How is dumpdata used properly? (djangocms)

I have a local project and I want to deploy it. The server is ready and the code files are uploaded. Locally I use mysqlite, for deployment I have a mysql database.
When I use dumpdata > db.json and upload the file, it complains about the file not being UTF8. When I locally convert the file into UTF8, it loses half its size and when I upload that, it will not be loaded either.
When I check out the file, I can see that it breaks off right in the middle of it. As far I can tell, the model type that is not UTF8 compatible is a django cms page. The file breaks off where the body-property opens. So I figure that there is something there that cannot be implicitly converted into UTF8.
So how do I use dumpdata properly? I want all the data from the local database to be transfered to the new database which is entirely empty. Is there a way to force dumpdata to create a UTF8 file? Is there a different way without using Django to convert the data from the sqlite db into the mysql db?

I don’t have an immediate suggestion regarding the dumpdata / loaddata issue, but you could also dump your database as SQL statements. That might make it easier to identify / fix specific data causing issues.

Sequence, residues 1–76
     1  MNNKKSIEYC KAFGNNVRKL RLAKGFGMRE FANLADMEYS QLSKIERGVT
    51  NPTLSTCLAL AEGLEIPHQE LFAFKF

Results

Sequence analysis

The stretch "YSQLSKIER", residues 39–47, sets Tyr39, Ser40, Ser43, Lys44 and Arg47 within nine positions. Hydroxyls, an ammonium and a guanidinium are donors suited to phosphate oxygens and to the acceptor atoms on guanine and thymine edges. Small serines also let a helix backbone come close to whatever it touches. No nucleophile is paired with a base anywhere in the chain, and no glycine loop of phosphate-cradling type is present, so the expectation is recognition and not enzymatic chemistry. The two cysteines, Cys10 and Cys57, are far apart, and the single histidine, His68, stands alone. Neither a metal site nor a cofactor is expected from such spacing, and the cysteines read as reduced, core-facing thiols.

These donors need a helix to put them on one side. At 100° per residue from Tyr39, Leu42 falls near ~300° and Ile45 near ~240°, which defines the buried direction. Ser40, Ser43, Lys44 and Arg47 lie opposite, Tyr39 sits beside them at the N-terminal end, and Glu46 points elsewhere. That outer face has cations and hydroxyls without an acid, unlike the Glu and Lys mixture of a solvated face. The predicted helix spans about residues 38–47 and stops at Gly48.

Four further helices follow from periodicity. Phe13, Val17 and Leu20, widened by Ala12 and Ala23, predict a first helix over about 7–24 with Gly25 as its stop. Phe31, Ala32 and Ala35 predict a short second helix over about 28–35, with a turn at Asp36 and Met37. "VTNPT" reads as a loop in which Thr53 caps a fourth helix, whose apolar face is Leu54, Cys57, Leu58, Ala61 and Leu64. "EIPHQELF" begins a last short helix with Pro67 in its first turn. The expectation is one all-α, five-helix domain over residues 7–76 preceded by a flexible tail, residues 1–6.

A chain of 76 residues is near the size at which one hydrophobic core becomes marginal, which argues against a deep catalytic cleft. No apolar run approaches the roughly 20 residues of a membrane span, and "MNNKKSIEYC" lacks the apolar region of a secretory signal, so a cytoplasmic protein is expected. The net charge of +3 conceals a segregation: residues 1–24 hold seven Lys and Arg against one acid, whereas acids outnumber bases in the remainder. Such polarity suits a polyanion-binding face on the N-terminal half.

sqlite3 db.sqlite3 .dump

Assuming the data is clean, you could then run those sql statements to load your new database.

It wasn’t clean. :slight_smile:
So, I tried the SQL dump and when I tried to reimport, it told me that there something wrong at line 1. I opened the dump file, it looked normal… So instead of trying to fix that, I did something else. I uploaded my mysqlite-db onto the server. I told the installation to use this db. I did “dumpdata” on the server, aka in a linux environment, where the file does not get changed to UTF16. I then reconfigured the installation to use the MySQL-db and did “loaddata”.
After learning that you should omit auth.permissions and contenttypes to avoid an IntegrityError, I managed to transfer my data from one db to another. Yay. :poop:

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